(Aviation 4.0 and Renewable Energy)

This special session is organised and supported by  the following educational partner

  • Federation University Australia

Session Chair:

  • Prof. Talal Yusaf, Federation University Australia, Australia


Industry 4.0 refers to the fourth industrial revolution, where smart digital technologies streamline, enhance and automate systems and processes. While the previous industrial revolution adopted information technology and robots, the present era leverages integrated and interconnected intelligent digital technologies (computing and internet) that are capable of sharing information and making decisions. Aviation 4.0 has a clear focus on developing sustainable, environmentally friendly technologies, sustainable fuels, Hydrogen, and processes that aim to minimise pollution and achieve zero carbon emissions.

The key technologies of Industry and Aviation 4.0 impacting aviation are: the Internet of Things (IoT), Cloud technologies, Cyber security (including blockchain), Advanced analytics, Digital reality & Simulation, Additive manufacturing, Automated robotics & Artificial intelligence, and Big Data. Each of these technologies support and enhance operations in the aviation and aerospace industry.

The aim of this session is to address issues related to what the industry needs in five years from now, including sustainable energy. Additionally, researcher institutions can contribute in upskilling technician skills to be a qualified technologist that can deal with Industry and Aviation 4.0.


If it is needed, the speaker can pay special attention to Aviation 4.0.

The aviation industry prioritises passenger safety and is quick to adopt any technology that can improve and enhance this priority. Hence, the technologies of Industry 4.0 are perfect drivers for Aviation 4.0.  The list below, as summarised in Table 1, is based on a Deloitte report[1] and is not exhaustive, but indicative of how these technologies could benefit the aviation industry.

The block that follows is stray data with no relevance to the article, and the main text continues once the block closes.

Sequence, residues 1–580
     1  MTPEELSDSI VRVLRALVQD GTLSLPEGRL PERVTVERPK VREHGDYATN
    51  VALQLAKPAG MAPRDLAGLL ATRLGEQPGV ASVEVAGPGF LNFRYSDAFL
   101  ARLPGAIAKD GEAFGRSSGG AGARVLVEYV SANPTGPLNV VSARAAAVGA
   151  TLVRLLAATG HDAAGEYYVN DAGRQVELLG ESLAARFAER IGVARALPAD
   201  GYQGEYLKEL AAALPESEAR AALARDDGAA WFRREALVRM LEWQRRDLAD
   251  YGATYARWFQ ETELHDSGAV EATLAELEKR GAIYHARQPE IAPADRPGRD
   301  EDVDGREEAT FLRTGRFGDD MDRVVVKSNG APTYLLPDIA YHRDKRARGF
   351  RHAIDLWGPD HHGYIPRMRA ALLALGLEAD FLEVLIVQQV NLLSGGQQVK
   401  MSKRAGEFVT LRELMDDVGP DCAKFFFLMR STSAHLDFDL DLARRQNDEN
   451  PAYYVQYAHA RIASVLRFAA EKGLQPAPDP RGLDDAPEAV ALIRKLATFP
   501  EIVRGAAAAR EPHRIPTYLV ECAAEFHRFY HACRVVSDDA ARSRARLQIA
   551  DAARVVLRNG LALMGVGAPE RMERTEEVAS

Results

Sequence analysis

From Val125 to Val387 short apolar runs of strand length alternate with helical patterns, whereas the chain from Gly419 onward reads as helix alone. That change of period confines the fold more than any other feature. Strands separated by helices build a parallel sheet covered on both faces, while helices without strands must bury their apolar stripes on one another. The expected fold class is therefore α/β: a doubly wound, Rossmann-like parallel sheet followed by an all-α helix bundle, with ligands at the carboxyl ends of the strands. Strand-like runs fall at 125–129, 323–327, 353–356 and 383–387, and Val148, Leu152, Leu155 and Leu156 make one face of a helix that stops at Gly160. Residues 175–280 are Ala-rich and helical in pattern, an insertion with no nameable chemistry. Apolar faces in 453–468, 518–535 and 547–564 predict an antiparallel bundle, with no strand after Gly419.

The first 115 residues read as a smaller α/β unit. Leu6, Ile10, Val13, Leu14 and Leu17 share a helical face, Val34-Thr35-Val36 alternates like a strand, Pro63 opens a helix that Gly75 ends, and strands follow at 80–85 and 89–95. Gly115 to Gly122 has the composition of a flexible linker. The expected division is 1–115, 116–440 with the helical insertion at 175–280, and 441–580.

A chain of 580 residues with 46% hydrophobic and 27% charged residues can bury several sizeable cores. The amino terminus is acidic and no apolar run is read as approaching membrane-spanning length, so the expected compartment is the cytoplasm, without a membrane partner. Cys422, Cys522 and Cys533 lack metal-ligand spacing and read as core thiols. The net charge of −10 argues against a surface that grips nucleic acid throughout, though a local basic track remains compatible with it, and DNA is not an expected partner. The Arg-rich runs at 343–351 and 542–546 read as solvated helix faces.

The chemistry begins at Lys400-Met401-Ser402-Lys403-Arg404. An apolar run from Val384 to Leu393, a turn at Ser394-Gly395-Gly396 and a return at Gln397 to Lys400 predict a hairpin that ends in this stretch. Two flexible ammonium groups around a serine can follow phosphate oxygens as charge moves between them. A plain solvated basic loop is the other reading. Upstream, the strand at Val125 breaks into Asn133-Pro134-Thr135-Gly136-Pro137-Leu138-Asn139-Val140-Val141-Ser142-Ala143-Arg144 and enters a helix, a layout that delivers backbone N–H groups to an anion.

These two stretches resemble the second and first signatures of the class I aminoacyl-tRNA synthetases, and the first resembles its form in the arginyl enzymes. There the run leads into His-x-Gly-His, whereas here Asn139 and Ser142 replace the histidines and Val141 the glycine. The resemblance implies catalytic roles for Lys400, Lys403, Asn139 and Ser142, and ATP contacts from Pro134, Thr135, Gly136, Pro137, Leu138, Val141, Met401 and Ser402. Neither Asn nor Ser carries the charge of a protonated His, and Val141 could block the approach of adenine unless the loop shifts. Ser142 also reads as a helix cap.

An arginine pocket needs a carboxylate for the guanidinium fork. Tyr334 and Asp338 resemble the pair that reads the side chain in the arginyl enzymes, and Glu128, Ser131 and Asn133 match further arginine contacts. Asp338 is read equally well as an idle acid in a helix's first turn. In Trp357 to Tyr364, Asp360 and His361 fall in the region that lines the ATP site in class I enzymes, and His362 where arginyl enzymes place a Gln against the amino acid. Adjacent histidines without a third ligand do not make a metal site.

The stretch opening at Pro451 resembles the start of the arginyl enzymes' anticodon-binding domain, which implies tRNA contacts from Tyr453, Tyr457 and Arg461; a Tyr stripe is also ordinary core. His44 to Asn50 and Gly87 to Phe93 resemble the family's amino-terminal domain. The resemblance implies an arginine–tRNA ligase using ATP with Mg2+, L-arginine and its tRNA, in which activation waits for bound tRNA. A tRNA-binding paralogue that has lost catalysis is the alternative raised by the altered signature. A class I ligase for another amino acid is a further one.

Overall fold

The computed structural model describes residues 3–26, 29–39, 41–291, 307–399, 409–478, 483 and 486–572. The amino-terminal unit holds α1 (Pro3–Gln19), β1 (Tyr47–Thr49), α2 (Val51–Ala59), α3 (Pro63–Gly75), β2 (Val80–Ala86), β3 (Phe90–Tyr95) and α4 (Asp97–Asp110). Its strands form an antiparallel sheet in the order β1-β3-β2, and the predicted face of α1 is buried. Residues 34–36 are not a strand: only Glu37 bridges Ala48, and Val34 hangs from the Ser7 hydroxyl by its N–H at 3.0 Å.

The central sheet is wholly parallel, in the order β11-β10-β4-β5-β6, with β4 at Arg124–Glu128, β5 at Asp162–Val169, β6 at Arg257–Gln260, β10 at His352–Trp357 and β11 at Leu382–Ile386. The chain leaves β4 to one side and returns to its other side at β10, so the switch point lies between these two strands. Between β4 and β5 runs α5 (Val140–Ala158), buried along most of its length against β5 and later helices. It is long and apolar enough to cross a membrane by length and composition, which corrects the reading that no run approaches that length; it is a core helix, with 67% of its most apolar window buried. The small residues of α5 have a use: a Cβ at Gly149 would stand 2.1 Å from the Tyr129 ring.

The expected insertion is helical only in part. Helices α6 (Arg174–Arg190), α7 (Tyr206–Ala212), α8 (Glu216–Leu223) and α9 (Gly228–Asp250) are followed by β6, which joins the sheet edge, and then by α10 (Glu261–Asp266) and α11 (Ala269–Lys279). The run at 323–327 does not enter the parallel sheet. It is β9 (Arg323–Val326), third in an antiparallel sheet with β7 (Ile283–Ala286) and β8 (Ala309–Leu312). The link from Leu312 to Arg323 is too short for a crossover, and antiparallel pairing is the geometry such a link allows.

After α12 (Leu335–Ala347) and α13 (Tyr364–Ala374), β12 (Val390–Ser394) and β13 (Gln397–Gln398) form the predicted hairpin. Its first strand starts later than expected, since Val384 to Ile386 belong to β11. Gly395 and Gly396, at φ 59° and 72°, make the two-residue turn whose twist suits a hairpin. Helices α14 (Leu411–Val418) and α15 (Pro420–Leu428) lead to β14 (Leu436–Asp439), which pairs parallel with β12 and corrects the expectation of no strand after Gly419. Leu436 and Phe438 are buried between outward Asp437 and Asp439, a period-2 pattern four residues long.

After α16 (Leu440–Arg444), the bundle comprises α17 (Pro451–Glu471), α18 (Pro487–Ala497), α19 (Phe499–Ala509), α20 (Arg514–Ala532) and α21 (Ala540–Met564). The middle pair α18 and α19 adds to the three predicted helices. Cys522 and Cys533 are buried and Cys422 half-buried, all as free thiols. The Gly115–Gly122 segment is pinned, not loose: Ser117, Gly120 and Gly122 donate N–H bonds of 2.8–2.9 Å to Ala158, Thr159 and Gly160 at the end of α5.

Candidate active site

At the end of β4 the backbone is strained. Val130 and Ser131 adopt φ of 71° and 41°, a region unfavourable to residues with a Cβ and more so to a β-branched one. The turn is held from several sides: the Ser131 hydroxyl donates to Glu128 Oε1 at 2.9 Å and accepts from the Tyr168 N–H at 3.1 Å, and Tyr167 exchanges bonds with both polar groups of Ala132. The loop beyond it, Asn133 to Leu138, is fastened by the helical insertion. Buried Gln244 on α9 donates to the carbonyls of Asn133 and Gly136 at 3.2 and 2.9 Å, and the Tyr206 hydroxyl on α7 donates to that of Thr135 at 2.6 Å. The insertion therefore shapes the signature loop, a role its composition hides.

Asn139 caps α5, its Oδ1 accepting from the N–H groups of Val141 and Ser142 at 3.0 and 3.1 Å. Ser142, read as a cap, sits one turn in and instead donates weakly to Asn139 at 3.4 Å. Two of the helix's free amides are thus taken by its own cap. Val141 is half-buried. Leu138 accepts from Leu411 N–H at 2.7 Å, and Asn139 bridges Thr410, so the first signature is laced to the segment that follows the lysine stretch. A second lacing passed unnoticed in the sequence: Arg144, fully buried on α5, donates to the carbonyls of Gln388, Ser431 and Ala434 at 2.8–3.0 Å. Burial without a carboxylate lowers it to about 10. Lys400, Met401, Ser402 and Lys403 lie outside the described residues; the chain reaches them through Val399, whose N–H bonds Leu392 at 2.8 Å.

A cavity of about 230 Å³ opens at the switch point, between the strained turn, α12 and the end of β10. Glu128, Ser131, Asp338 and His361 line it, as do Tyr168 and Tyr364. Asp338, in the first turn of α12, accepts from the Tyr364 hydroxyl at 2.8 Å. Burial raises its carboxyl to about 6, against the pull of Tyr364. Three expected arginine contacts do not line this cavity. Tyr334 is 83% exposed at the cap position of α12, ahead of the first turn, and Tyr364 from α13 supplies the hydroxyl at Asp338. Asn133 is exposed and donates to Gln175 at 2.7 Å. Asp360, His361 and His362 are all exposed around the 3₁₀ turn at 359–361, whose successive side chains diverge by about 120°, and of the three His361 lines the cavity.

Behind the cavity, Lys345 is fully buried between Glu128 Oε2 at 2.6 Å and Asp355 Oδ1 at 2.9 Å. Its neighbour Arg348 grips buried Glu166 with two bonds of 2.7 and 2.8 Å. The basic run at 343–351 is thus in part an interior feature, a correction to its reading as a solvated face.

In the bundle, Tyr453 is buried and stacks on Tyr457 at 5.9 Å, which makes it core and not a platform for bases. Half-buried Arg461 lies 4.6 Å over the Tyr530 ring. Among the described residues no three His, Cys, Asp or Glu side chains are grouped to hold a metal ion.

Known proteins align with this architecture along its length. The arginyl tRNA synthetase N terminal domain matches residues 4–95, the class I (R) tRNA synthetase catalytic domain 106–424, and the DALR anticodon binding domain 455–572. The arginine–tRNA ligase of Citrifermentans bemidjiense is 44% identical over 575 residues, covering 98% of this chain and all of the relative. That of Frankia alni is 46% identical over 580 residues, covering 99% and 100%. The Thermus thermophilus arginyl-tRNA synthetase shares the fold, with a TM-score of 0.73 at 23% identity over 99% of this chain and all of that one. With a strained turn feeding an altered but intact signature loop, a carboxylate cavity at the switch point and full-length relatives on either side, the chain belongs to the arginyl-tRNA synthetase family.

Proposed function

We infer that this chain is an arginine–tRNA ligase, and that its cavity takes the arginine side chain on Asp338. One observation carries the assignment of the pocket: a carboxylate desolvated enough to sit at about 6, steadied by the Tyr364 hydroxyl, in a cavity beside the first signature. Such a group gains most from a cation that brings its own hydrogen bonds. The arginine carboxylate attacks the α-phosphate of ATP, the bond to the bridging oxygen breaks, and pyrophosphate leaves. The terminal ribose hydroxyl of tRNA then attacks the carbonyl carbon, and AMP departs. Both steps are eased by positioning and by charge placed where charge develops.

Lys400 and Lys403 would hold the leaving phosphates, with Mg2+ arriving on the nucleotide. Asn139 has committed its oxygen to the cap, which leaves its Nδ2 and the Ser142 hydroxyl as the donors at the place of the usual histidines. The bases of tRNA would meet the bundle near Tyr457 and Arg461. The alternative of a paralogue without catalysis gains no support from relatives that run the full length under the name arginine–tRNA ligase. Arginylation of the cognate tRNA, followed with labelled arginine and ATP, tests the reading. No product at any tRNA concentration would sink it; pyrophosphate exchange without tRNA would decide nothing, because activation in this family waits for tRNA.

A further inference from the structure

• Internet of Things (IoT) refer to sensors and computing devices built into objects that connect these objects to the internet to share data. Aircrafts have sensors built into almost every part of the aircraft body and systems and generate over 10GB of data every second. While this data is locally used, today it is shared in real-time through centralised servers. For example, sensors on a plane could alert the pilot that the aircraft is suddenly consuming fuel at a high rate and simultaneously let the manufacturer have the same data. This would allow the manufacturer to check every other similar aircraft in real-time to know if they had a potential catastrophe.
  • Cloud Technologies defines the ability to access computing facilities at anytime, anywhere and through any connected device. This would include the ability to store, analyse and retrieve data, connect with and control other connected devices. Devices do not have to be physically connected. The Cloud could virtualise the computer and/or devices that are being accessed.